Wednesday, July 20, 2016

Mountain Biking Twin Lakes

In early June I injured my hand.  Because of the constant vibration and pressure, I couldn't grip my bike's handlebar with my left hand.  This was disappointing just getting into the mountain bike season, but luckily I enjoy hiking as well to keep me busy and active outdoors.  My hand healed quickly, and just over a month later, I was back on my bike. 

I started out with a couple rides close to home on BLM roads.  Although there is a lot of ups and downs, the riding isn't too technical or rocky.  With its constant climbing and moderate distance, this ride is good for working off the month long rust.  Even though I hiked a fair amount the past month, hiking and biking use different leg movement and I noticed a slight strength loss after my break from riding.

Although it has been a while since I posted about mountain biking on my blog, I have been still riding quite a bit before my injury.  Most of the rides were places that I have blogged about before however, so I didn't want to write about the same ride twice.  Now with midsummer trail conditions everywhere, I was ready to explore some new areas.

Originally I set my sights on the Crested Butte area.  Last year I rode there and was eager to explore more of the endless trails in that region.  The weather looked risky there however and I didn't want to drive so far to be washed out by thunderstorms early on my ride.

At the last minute, something came up requiring me to travel to Buena Vista, about an hour from home.  This led me to Twin Lakes.  Twin Lakes is less than a half hour from Buena Vista.  There was a ride I had on my radar there. 

Twin Lakes is a small village named for a pair of lakes that make up the heart of the area.  The town sits at elevation of 9200' just south of Leadville on the eastern side of Independence Pass.  Beautiful mountains seemingly rise from the lake making for dramatic scenery.  Mt Elbert, the highest summit in the Rockies, rises just a few miles northeast from the area and is visible from most points in the area.

Last summer, I attempted this ride.  I had a cue sheet for the ride and the local topo map for the region.  Unfortunately, the cue sheet was vague at places and routes that were named on my map weren't signed.  There is also a maze of dirt roads in the area that make route finding confusing.  I missed a key turn and ended up backtracking and taking several wrong turns.  I ended up giving up on my cue sheet and stuck to some singletrack around the lakes.  At the same time it was frequently showering to add to frustrating experience.

I found this route on a website called MTB Project.  The route followed a mix of Forest Service roads, BLM trail, a few miles on paved road, and a good chunk of the ride on the Colorado and Continental Divide Trails.  This time I referenced an online map at the website with my map to try to avoid route finding confusion.  I planned on following the listed route, I just started at a different point.

The view from the trailhead
Because of a high probability of thunderstorms in the early afternoon, I was riding before 800am.  I parked by the Twin Lakes Dam.  A couple miles on paved County Road 10 brought me to my first section of singletrack.  This singletrack is where I missed my turn last time.  The singletrack, is called "North Face Bypass"  on my cue sheet.  The next several miles are part of the Leadville 100 Mountain Bike course.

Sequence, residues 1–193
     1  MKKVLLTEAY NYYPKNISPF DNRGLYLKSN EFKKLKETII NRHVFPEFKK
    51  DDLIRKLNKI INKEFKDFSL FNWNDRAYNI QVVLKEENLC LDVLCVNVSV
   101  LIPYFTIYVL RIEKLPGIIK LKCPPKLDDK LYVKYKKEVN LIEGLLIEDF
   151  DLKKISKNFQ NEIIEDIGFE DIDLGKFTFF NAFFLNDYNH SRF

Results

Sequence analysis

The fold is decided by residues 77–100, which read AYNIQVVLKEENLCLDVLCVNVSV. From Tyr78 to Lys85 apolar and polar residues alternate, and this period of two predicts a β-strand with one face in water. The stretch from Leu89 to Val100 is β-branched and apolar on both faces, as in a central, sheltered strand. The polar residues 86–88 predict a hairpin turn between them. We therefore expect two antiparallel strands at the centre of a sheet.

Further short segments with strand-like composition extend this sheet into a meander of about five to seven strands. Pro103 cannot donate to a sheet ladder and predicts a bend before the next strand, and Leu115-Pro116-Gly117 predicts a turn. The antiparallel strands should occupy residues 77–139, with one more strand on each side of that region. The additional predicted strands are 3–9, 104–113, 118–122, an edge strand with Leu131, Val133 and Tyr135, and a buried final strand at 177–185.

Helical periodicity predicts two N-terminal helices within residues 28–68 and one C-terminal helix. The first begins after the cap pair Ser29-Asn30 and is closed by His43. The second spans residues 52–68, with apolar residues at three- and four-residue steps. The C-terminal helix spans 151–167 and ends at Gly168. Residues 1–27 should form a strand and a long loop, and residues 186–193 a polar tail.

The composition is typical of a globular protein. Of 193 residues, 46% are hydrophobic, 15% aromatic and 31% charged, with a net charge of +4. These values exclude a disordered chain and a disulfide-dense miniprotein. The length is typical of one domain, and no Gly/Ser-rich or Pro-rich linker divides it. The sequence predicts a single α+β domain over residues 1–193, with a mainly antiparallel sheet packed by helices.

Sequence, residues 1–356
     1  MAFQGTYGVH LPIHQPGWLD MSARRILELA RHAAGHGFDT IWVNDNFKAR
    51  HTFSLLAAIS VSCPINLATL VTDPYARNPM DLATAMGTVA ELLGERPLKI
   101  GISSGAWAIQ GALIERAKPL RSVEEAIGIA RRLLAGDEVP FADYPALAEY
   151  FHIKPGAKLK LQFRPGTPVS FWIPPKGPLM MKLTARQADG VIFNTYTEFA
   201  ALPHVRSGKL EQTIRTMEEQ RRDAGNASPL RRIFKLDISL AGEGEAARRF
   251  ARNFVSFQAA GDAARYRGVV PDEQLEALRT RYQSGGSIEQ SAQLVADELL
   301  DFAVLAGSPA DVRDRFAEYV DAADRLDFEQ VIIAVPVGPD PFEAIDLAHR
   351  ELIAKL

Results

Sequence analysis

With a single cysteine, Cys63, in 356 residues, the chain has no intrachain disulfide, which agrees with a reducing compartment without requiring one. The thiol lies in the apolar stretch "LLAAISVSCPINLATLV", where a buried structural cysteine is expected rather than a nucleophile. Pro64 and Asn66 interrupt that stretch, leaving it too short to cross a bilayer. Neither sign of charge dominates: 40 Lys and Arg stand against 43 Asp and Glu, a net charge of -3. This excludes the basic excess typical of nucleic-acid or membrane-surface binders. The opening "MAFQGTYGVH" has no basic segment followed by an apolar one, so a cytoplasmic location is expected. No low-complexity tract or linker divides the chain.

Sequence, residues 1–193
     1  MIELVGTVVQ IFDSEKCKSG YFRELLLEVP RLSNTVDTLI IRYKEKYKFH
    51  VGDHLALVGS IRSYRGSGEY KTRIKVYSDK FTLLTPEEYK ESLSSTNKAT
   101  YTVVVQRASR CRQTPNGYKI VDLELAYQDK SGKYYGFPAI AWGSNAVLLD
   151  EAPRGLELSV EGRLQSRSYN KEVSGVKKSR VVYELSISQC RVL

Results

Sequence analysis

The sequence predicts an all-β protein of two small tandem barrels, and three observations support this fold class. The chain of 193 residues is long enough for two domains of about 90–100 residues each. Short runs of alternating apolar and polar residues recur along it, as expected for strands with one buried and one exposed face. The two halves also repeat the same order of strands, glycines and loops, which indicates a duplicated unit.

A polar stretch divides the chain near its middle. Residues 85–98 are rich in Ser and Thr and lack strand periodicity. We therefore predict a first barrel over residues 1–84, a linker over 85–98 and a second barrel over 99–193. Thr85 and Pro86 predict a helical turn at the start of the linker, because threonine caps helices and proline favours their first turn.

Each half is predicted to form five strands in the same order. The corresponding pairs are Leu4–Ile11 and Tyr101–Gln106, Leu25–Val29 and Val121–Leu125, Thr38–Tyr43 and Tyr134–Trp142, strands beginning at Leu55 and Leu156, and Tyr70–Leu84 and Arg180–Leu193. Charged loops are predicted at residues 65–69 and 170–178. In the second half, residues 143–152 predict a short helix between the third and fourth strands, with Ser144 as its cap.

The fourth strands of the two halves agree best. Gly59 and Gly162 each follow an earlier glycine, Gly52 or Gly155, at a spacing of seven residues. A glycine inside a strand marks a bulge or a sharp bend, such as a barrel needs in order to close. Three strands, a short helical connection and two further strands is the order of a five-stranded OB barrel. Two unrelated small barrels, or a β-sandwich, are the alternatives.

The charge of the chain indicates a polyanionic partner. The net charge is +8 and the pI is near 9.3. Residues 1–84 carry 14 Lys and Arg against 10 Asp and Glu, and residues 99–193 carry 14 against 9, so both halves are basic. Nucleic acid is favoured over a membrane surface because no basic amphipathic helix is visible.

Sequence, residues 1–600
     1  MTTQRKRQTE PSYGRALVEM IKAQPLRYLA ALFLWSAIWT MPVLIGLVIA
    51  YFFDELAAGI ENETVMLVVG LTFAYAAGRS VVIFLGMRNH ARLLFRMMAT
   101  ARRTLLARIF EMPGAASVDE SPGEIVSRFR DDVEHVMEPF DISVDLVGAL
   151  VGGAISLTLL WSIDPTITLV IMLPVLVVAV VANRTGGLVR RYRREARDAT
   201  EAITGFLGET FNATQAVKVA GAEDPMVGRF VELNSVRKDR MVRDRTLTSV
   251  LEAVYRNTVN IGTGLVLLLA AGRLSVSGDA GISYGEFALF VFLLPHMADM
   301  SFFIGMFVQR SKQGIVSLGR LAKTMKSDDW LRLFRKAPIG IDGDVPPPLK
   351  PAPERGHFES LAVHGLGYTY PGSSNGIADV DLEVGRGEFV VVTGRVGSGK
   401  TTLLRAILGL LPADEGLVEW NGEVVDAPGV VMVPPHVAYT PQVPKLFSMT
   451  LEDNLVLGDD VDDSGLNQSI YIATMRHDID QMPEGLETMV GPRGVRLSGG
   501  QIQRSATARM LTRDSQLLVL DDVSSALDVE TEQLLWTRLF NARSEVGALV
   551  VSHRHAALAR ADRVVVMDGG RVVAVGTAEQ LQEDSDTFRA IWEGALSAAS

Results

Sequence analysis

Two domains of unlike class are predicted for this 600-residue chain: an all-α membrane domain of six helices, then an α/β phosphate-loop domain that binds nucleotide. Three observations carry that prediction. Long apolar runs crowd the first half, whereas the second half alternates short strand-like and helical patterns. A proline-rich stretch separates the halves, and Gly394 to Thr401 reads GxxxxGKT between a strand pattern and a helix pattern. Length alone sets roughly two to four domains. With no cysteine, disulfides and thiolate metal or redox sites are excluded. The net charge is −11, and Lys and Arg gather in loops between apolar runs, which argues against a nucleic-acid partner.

Near the beginning of North Face Bypass
Mt Elbert
Mt Hope, Twin Peaks,  Rinker, La Plata, and Elbert
Near the height of the land on North Face Bypass
After a couple miles of singletrack on "North Face Bypass", I started to follow a series of Forest Service roads.  Unfortunately, most of the roads aren't marked and have several intersections.  I stopped frequently to confirm my route with my map.  I still had some uncertainty on my route after conferring with my map, but I knew I could at least get to the Colorado Trail this time.  Much of this area passed through open fields and offered stunning views of the mountains, especially Mt Elbert, just a few miles away.

A close up of the peaks above Twin Lakes
Threatening clouds moving in over Elbert
As recently as a week before my ride, much of this area was closed.  A small wildfire called the Lodgepole Fire was burning and  was just contained about a week earlier.  The fire was considered officially "out" and roads reopened in the past week.  I skirted the burn area and passed along the edge of the main burn scar.  Much of the area had a charred smell in the air.  Fortunately, fire crews kept the burn area down to 35 acres.

Lodgepole Fire burn scar
Despite minimal signage, I seemed to be on the right track.  I eventually reached a signed junction and realized I was slightly off course.  The sign indicated that I just came off the end of FSR 160.  This was actually the road I was hoping to start.  I backtracked on FSR 160 and saw the sign for my next road and was back on track.  If anything this route seemed to be a little shorter that the cue sheet route.

I think this is the "wrong" road I took
After a few miles I reached a gate that confirmed I was on track and back on singletrack trail.  I soon reached the Colorado Trail (CT).  The Colorado Trail in this section travels just a few miles below Mt Elbert.  The singletrack in this section is in pretty good shape.  Just below Elbert, my route reached its high point at 10,600'.  Despite reaching the high point, the climbing is relatively easy.  Majority of the CT in this area travels though forest, so views were minimal.

On the Colorado Trail
Nice singletrack along the CT
Wildflower along the CT
Traveling along the CT in what appears to be an old burn